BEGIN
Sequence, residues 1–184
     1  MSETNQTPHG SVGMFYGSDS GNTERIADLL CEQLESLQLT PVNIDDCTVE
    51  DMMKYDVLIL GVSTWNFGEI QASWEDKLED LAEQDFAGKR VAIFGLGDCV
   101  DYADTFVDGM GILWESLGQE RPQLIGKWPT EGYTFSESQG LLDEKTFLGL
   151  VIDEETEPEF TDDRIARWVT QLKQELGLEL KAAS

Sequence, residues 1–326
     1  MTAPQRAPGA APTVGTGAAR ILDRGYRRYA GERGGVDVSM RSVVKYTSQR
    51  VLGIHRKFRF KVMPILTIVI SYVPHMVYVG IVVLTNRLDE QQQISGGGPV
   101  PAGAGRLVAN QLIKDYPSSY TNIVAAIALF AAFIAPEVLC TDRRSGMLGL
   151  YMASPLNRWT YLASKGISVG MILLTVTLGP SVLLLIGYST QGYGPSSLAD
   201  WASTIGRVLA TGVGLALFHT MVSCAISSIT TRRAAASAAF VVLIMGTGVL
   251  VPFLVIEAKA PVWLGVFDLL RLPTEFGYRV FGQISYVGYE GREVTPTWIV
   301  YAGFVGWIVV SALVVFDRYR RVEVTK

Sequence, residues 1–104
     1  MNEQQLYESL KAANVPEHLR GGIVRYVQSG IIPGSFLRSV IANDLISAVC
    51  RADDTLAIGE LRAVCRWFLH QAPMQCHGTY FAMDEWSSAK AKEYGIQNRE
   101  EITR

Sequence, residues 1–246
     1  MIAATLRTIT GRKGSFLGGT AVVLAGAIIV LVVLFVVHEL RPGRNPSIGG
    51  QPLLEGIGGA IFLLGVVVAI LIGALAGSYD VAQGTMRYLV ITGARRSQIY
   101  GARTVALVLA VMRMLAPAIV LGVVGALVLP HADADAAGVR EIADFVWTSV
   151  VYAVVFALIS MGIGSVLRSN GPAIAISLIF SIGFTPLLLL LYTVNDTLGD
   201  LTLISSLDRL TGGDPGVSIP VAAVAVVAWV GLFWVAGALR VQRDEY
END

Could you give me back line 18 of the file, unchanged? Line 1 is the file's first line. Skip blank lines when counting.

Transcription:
Sequence, residues 1–246